Air Date

July 26, 2023


Disasters pose a significant financial burden on affected individuals and communities, as well as the broader economy. This impact only continues to grow as disasters continue to escalate in frequency and severity across the nation. 

To address this pressing issue, a panel of experts at the U.S. Chamber Foundation’s 12th Annual Building Resilience Conference discussed innovative approaches to reducing risk and cost, thereby bolstering community resilience.

Ongoing Investment and Incentives Can Drive Disaster Mitigation Efforts

The impacts of climate change can be seen in the recent rise of natural disasters across the country. Roy Wright, President & Chief Financial Officer at IBHS, noted that grant programs are critical to providing aid — but grant money alone isn’t enough to drive down costs.

“It requires investments of people’s hard-earned money,” Wright elaborated. “There’s a top 25 percent or so of Americans who likely could afford to take those actions — how do we nudge them … to do that? [And] how do we get businesses to take those kinds of actions?”

Daniel Kaniewski, Managing Director of the Public Sector at Marsh McLennan, echoed Wright’s sentiment.

“The government alone can’t solve this problem,” Kanieswki emphasized. “It’ll take incentives for individuals … but it’ll also take incentives from a policy standpoint or incentives from other industries.

Romaine Seguin, CEO of Good360, emphasized the need for ongoing financial support in disaster mitigation — not just in the first few days, but on an ongoing basis.

“Two weeks, two months, six months [later], people are still displaced,” said Seguin. “We can really see our strength [in] the stages of a disaster, and collectively, we can support all stages together to start mitigating some of that expense.”

Encouraging ‘Good Behavior’ Can Encourage Communities to Take Preventative Action

Kaniewski acknowledged that the emergency management sector should be using “every tool in the toolbox” to encourage “good behavior” across communities.

“One of those tools is … parametric insurance, which is essentially paying out after a specific event happens,” he explained. “There’s no need for doing insurance adjusting or damage assessments, and that can cover an entire community.”

To assess the viability of this strategy, Marsh McLennan launched a pilot in a low-to-moderate-income community in lower Manhattan. By participating in this initiative, residents would receive a level of financial protection from potential flooding in addition to any federal funds from FEMA.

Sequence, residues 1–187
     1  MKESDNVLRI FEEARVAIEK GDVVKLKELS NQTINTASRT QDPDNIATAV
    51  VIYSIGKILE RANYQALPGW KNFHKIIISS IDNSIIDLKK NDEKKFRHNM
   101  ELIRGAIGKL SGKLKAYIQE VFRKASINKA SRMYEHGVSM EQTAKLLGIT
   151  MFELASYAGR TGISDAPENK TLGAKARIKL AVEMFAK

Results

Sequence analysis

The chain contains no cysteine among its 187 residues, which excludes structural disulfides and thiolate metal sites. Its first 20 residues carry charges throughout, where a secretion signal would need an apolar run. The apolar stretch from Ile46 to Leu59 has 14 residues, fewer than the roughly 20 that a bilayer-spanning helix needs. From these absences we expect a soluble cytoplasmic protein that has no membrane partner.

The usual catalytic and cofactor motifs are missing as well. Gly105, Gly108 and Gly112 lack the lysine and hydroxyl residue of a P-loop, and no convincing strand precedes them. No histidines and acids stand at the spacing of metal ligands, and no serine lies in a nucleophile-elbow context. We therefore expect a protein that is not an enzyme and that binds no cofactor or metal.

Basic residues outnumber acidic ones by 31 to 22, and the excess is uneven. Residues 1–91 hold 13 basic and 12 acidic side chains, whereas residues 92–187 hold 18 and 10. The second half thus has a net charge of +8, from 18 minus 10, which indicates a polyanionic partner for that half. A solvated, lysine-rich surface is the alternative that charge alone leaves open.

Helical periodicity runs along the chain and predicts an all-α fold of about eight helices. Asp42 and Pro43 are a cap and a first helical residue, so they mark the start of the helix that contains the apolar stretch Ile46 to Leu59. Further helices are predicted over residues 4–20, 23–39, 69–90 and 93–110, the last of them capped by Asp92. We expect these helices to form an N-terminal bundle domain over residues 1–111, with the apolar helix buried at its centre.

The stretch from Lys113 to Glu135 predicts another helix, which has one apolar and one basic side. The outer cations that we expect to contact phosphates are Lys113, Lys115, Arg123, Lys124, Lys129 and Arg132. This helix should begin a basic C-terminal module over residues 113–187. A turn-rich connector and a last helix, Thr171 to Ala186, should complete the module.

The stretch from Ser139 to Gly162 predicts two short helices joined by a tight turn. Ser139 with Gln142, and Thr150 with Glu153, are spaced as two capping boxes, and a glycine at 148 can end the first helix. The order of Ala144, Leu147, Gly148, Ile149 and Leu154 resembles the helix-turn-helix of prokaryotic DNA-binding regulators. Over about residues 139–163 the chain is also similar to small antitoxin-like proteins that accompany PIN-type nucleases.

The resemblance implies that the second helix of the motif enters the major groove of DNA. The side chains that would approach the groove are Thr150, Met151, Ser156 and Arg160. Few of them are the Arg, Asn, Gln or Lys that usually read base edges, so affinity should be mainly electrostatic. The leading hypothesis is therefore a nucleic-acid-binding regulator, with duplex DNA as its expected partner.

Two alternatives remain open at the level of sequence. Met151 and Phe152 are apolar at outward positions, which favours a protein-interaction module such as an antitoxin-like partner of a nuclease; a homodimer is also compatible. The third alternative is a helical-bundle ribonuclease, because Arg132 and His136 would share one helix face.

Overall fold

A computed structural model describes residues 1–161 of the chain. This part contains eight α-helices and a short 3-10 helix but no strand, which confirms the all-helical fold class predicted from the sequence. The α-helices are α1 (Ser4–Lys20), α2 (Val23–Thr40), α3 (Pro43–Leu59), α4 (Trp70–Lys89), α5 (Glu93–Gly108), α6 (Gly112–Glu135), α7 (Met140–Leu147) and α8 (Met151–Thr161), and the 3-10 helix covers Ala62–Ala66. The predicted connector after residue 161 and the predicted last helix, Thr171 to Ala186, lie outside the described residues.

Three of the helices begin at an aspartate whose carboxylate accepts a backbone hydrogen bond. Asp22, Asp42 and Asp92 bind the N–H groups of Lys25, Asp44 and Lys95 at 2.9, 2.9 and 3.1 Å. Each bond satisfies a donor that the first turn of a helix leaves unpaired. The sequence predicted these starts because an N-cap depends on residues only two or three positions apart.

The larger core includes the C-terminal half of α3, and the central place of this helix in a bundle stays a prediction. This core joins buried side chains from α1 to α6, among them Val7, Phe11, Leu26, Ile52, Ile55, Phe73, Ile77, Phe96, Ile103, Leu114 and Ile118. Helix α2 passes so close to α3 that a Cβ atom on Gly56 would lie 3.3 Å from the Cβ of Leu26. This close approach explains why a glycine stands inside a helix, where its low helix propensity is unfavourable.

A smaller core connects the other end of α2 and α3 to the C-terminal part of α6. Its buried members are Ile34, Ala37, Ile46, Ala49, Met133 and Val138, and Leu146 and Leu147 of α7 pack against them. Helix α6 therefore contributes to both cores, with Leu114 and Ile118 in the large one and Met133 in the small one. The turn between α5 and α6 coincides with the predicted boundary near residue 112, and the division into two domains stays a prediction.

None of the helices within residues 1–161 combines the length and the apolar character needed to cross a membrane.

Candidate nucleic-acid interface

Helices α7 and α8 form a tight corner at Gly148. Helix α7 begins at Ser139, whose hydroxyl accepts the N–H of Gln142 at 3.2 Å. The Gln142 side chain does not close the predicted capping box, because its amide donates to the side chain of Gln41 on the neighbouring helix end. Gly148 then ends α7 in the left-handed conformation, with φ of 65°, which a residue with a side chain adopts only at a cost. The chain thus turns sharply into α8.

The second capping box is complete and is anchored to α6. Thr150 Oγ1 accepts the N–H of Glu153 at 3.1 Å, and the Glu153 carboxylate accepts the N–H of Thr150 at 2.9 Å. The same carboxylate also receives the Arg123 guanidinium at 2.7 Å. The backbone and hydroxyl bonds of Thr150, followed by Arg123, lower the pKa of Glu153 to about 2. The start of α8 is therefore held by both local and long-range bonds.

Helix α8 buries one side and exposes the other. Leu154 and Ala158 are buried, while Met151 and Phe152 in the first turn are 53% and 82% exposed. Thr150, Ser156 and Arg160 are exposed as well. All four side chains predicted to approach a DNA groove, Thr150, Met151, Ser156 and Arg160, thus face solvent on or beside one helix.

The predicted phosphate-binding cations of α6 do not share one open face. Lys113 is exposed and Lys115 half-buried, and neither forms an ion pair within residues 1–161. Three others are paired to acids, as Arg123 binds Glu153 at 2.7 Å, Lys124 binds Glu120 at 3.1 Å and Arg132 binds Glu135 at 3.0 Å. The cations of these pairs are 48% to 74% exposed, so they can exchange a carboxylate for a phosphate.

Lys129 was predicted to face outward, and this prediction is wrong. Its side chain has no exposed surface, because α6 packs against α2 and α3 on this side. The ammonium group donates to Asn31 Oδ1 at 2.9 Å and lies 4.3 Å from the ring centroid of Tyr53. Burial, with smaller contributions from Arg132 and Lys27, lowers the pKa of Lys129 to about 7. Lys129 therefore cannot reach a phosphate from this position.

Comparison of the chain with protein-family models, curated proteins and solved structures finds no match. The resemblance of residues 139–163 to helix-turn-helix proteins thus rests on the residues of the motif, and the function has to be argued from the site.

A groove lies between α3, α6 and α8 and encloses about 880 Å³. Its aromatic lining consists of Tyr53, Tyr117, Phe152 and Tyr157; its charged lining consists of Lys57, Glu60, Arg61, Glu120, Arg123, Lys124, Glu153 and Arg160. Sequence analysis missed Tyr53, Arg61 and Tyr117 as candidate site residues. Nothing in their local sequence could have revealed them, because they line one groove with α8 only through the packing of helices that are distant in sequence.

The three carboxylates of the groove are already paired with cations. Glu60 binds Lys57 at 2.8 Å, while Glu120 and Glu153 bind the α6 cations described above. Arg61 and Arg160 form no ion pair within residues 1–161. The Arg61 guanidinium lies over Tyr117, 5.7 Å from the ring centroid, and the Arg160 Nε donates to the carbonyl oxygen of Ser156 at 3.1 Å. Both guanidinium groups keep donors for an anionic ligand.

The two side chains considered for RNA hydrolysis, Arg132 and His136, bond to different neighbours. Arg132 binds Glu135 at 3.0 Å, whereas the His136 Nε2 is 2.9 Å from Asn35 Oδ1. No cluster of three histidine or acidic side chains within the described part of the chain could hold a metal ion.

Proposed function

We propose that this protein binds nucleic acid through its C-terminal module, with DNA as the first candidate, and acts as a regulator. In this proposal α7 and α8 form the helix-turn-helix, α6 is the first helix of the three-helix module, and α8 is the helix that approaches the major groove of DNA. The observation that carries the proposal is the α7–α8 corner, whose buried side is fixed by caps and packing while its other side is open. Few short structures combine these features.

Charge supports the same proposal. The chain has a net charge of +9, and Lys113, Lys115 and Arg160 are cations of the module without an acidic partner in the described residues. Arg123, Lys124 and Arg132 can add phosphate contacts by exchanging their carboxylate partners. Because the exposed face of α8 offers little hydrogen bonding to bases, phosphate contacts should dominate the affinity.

“These underserved communities, they generally don’t have renters’ or homeowners’ insurance, much less flood [insurance],” Kaniewski noted. “But a solution like this, that we brand as ‘community-based catastrophe insurance,’ we believe … can help close the gap between those who are insured and those who are uninsured.”

Pre-Disaster Mitigation for Supply Chains Ensures Communities Get the Support They Need

When disasters strike, communities often need aid in the form of supplies. A pre-disaster mitigation approach can ensure supply chains are strong enough to provide sufficient, timely support.

“If we pre-stage the product now and mitigate the hiccups in the supply chain, we can get [that] much ahead of this when victims are in need,” Seguin said.

Wright agreed, noting that disrupted chains can limit the availability of necessary materials to rebuild stronger communities.

“Sometimes, the pre-disaster mitigation is really about making sure that near-term recovery and repair frame has the availability that logistics have played out,” he added.

Of course, the task of building resilient supply chains — and encouraging communities to be proactive about disaster mitigation and prevention — can’t be done in a silo.

“We need to do better advocating for this … [because] advancing these issues is so critically important,” emphasized Kaniewski. “The bottom line for me is none of us can do this on our own. We need to do this together.”